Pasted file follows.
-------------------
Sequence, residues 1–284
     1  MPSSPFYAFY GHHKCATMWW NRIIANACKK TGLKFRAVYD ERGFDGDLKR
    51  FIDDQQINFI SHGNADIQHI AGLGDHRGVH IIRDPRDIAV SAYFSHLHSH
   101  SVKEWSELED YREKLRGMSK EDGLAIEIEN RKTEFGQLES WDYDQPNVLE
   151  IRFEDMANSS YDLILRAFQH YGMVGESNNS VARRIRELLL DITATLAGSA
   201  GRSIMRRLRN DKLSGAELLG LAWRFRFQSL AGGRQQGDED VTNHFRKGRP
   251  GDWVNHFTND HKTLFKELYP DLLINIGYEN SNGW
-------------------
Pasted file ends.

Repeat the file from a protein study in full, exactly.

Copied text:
Sequence, residues 1–284
     1  MPSSPFYAFY GHHKCATMWW NRIIANACKK TGLKFRAVYD ERGFDGDLKR
    51  FIDDQQINFI SHGNADIQHI AGLGDHRGVH IIRDPRDIAV SAYFSHLHSH
   101  SVKEWSELED YREKLRGMSK EDGLAIEIEN RKTEFGQLES WDYDQPNVLE
   151  IRFEDMANSS YDLILRAFQH YGMVGESNNS VARRIRELLL DITATLAGSA
   201  GRSIMRRLRN DKLSGAELLG LAWRFRFQSL AGGRQQGDED VTNHFRKGRP
   251  GDWVNHFTND HKTLFKELYP DLLINIGYEN SNGW